(Table 1). This also holds for the most supported model containing ‘dispersion’ (Moran’s I = –0.02, P =
Finally, none of the predictors that influenced species’ magnitudes of population trends was significantly
related with species’ population trends in the analysis of directional trends. The population trends were
only associated with the species’ position along the first life-history axis (Table A3). Namely, species
with slower life history strategies had more positive population changes than species with faster
We investigated factors linked to the magnitude of population trends for European long-distance
migratory passerines while controlling for the effects of species’ breeding-ground habitat use, life-history
and phylogenetic relatedness. Specifically, we tested the hypothesis that larger non-breeding ranges and
multiple migration routes stabilize bird populations by buffering the effects of environmental factors,
which should result in lower magnitudes of population trends in these species. The hypothesis was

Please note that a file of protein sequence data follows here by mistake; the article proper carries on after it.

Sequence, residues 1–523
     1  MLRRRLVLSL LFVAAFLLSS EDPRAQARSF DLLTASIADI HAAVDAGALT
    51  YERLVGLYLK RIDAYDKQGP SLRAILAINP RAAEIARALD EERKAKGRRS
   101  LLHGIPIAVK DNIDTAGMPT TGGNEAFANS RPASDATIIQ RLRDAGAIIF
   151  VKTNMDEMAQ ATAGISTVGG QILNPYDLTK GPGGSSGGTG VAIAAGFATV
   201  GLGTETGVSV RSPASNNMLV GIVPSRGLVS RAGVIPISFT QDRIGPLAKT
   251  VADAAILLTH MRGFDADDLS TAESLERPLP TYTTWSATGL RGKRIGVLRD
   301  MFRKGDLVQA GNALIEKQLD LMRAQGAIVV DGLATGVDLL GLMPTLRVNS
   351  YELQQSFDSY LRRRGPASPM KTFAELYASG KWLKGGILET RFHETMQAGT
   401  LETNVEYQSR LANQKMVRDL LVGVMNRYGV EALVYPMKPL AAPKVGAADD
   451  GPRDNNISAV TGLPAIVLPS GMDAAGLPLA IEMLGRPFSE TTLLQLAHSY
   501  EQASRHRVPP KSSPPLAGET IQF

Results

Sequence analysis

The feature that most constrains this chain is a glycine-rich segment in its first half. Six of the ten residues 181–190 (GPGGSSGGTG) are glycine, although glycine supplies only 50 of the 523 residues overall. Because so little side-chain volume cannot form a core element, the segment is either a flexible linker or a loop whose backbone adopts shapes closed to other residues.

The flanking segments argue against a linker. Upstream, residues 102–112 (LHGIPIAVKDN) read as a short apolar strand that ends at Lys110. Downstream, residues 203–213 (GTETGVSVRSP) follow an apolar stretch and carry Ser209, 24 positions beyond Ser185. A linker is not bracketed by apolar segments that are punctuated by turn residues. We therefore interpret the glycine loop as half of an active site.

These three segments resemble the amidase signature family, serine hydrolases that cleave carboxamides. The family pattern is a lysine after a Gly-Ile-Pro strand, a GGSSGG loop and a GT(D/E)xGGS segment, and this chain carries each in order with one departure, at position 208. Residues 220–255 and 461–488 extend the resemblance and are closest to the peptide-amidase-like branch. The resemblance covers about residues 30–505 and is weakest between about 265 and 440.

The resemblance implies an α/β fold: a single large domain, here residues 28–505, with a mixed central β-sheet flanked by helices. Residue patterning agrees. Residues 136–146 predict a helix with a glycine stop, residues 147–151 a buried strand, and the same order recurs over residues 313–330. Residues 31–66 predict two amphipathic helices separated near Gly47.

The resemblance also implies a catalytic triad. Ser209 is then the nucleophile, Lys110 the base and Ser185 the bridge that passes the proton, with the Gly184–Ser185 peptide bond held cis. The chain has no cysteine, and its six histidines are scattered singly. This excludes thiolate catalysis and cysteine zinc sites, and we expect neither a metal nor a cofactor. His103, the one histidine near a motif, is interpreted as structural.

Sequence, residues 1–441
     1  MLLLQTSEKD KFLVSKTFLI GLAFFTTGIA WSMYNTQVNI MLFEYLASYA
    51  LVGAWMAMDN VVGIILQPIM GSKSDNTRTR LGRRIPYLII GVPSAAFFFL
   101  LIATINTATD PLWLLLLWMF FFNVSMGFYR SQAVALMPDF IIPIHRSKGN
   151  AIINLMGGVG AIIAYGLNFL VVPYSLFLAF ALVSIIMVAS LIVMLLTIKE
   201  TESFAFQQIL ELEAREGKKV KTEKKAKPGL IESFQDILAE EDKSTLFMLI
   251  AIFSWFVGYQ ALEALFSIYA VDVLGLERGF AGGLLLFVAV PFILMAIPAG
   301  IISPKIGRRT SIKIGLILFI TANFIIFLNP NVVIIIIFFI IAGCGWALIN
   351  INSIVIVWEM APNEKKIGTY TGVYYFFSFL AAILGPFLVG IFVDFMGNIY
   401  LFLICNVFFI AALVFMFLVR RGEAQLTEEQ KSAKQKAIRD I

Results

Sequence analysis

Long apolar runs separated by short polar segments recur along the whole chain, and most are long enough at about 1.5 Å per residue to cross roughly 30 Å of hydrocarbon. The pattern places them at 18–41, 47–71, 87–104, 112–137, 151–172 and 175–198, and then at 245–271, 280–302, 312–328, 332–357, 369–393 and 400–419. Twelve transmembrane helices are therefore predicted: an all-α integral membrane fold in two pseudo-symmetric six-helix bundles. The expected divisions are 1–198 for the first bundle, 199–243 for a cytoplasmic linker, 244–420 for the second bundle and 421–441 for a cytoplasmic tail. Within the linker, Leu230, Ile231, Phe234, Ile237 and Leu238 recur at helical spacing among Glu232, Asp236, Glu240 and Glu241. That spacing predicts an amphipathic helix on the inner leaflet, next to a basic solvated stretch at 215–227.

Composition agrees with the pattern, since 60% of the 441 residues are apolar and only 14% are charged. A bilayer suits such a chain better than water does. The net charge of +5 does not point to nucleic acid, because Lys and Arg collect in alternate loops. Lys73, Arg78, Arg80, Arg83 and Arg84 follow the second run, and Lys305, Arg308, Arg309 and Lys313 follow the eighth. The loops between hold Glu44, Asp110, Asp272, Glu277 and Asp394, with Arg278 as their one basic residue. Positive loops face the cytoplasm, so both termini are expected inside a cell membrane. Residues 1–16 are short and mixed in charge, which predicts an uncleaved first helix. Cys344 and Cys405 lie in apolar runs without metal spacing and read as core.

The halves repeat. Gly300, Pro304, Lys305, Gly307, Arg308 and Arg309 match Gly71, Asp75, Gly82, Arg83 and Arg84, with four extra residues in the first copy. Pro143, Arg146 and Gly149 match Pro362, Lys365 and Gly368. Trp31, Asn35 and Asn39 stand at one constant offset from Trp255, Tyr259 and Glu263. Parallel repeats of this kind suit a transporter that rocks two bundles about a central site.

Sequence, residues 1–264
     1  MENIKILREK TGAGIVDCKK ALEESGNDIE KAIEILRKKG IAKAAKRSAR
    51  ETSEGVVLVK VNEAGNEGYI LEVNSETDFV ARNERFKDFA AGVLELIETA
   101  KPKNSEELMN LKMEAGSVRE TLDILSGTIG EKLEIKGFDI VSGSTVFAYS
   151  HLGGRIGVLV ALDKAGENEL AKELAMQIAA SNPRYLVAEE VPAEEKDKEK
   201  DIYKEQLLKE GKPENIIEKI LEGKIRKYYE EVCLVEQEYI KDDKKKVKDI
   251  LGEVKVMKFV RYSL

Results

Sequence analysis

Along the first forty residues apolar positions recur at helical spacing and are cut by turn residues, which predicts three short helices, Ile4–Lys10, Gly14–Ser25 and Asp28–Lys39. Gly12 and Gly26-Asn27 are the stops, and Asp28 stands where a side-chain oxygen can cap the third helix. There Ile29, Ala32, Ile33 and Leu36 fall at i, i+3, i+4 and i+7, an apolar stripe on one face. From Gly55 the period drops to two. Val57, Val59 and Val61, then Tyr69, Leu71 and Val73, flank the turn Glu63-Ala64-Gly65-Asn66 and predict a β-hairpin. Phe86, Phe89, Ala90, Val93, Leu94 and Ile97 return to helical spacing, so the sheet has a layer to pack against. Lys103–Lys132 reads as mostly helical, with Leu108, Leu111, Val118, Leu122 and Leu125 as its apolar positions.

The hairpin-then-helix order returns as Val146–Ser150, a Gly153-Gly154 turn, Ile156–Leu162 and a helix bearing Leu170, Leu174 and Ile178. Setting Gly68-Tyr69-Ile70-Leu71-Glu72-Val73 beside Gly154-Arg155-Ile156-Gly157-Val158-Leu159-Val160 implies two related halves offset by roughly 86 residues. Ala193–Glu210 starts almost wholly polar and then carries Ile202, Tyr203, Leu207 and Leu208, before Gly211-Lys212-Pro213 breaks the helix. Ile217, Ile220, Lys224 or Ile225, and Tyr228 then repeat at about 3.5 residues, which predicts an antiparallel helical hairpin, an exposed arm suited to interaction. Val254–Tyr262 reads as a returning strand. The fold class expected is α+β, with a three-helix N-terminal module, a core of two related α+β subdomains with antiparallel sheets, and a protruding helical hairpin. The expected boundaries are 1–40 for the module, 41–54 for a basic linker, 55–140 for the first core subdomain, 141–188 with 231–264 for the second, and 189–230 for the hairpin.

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supported in the case of both absolute and relative non-breeding range size, but the opposite pattern was
found in the case of the number of migration routes. However, both effects disappeared after considering
trend direction.
As hypothesized, species occupying more restricted non-breeding ranges had higher trend magnitudes
than those with more extensive non-breeding areas. This suggests that species with restricted nonbreeding ranges are more prone to population changes due to variation in environmental conditions. In
other words, they are more likely to be affected by environmental changes affecting a particular region,
and thus more likely to undergo a significant directional population change. Conversely, species
occupying larger non-breeding grounds will be affected by beneficial environmental changes in some
areas, but detrimental changes in others, leading to less pronounced overall population changes.